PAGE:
Lake Muskoka, near Gravenhurst, Ontario, is yielding up a 70-year-old secret.
Canadian Armed Forces personnel began bringing the Royal Canadian Air Force’s Northrop Nomad aircraft #3521, which crashed in the lake on December 13, 1940, to the surface.
As pieces of the aircraft were revealed to the light of day, those working at the crash site paused for two minutes of silence in remembrance of the two airmen – Lieutenant Peter Campbell of the Royal Air Force and Leading Aircraftsman Theodore (Ted) Bates of the Royal Canadian Air Force (RCAF) – who died in the crash.
The Royal Canadian Navy’s Fleet Diving Unit (Atlantic), located in Halifax, Nova Scotia, recovered the remains of the fallen airmen in October 2012; the airmen were interred a year later with full military honours.
The RCAF is leading the recovery operation, which began on Saturday, October 25 and is expected to last approximately 10 days. The RCAF has partnered with the Royal Canadian Navy, the Directorate of History and Heritage at the Department of National Defence, the Ontario Provincial Police Bracebridge Detachment, the National Air Force Museum of Canada, located in Trenton, Ontario, and the Canadian Coast Guard. Notable support also came from the towns of Gravenhurst and Bracebridge, and the Lost Airmen of Muskoka Project.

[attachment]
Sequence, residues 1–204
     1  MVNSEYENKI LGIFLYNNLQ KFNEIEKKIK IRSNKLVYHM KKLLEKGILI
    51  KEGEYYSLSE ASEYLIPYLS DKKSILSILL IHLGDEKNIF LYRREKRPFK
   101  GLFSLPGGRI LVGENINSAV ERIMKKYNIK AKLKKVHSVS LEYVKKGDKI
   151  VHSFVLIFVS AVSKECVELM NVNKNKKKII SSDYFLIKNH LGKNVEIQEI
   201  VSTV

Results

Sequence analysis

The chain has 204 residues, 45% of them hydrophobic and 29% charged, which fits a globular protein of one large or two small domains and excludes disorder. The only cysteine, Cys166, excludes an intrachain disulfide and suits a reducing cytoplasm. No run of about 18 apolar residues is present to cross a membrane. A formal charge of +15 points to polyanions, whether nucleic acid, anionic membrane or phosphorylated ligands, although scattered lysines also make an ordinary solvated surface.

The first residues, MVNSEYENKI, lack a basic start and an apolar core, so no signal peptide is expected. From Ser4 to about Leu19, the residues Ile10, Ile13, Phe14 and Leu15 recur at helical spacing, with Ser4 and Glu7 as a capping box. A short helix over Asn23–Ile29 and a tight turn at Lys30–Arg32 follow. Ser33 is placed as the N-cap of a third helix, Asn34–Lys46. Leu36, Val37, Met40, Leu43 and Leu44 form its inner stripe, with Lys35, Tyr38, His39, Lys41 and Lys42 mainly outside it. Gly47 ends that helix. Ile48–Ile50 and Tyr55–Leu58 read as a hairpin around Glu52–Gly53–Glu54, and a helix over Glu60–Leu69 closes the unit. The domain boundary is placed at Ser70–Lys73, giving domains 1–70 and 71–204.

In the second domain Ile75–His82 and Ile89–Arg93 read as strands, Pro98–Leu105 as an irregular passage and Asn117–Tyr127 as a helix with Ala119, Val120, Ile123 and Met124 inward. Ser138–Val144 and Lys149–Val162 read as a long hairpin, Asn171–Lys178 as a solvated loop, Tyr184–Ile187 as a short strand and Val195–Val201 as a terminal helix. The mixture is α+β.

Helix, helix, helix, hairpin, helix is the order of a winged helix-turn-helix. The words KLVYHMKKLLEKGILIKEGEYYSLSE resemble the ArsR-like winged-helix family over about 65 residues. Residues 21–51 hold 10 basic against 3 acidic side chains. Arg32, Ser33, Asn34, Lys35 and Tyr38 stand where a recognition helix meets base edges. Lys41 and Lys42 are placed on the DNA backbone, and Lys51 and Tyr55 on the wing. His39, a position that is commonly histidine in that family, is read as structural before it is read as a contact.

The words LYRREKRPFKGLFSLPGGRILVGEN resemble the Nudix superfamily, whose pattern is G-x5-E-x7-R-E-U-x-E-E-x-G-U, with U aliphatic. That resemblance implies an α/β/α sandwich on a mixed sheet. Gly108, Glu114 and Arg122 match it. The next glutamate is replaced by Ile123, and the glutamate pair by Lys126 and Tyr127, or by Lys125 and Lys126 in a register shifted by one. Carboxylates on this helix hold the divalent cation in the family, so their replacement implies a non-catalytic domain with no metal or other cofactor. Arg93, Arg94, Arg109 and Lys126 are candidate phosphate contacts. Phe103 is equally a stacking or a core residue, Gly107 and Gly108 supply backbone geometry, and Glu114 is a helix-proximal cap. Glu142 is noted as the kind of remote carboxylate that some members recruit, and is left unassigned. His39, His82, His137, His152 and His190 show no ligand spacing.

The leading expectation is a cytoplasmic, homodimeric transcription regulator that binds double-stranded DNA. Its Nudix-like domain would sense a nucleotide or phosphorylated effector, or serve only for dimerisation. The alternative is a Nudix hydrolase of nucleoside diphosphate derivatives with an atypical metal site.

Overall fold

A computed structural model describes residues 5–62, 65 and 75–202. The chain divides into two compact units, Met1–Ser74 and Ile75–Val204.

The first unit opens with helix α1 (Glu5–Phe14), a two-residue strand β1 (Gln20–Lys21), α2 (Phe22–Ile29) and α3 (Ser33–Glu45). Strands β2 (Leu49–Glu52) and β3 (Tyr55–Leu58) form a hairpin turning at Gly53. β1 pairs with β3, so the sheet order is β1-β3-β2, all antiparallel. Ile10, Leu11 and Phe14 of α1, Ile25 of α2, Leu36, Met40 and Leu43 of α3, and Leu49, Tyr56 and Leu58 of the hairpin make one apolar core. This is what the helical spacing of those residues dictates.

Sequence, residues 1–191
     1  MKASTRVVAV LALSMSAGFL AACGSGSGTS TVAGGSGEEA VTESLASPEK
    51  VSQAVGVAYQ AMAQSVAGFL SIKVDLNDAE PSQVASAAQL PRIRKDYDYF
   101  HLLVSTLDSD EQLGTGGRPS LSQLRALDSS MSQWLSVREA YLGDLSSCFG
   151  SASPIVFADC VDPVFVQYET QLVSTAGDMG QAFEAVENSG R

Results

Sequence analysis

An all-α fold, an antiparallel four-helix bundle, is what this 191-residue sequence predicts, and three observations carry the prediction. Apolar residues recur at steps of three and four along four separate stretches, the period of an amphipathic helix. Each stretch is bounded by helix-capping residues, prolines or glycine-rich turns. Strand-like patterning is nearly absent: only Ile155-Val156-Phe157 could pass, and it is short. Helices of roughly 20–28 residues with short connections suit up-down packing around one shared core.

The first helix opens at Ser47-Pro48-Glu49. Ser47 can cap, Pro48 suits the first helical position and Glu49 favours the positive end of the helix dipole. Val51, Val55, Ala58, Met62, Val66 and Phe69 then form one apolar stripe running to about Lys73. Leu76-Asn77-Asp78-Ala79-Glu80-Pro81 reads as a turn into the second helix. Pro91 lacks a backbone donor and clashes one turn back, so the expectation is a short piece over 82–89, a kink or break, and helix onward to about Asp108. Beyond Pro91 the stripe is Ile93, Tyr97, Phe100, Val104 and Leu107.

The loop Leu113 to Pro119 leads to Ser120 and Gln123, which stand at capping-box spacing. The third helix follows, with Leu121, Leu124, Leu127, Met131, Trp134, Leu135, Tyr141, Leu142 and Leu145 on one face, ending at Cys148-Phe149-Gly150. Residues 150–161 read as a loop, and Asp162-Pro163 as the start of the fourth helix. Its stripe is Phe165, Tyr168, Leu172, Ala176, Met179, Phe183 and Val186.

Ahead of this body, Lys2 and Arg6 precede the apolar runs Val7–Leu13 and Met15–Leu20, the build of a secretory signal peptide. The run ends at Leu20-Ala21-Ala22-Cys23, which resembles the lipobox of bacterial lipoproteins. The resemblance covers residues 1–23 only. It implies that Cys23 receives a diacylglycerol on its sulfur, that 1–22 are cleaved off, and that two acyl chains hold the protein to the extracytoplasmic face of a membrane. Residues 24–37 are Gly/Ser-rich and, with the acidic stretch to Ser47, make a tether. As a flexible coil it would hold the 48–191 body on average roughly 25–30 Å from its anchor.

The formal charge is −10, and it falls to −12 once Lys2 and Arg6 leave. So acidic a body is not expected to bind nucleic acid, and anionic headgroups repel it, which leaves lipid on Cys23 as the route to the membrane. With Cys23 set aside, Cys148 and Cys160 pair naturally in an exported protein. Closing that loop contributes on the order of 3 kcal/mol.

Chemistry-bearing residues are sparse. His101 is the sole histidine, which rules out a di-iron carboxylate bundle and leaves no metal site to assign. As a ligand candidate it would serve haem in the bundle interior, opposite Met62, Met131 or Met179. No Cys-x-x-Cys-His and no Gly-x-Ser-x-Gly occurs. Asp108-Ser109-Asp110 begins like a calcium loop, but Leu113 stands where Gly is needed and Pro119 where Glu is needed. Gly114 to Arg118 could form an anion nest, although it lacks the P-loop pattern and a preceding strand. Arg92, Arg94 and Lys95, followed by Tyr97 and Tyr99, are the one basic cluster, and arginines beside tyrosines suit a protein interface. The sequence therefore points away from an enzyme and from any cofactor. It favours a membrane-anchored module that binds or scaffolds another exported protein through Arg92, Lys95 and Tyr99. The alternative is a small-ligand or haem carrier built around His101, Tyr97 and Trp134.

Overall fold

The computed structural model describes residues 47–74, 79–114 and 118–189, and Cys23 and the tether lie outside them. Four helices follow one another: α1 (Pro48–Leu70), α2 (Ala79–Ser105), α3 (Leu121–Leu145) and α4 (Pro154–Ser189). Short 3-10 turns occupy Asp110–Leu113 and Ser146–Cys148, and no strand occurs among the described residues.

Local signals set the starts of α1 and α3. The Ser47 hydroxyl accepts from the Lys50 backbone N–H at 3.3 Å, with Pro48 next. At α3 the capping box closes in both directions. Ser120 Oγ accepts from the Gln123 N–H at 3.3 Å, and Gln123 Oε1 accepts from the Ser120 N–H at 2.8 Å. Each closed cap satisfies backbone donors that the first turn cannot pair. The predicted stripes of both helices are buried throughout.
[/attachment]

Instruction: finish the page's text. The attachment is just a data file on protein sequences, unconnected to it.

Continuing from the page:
The main recovery effort for Nomad #3521 is supported by a recovery and salvage team from the RCAF’s Aerospace and Telecommunications Engineering Support Squadron based at 8 Wing Trenton, Ontario, with critical diving support from the Fleet Diving Unit (Atlantic).
The wreckage will remain the property and responsibility of the Royal Canadian Air Force until the full recovery is achieved, after which the aircraft will be handed over to the National Air Force Museum of Canada.
The Royal Canadian Air Force will hand the aircraft over the the National Air Force Museum Monday at the Pride of Muskoka at 10:00 a.m.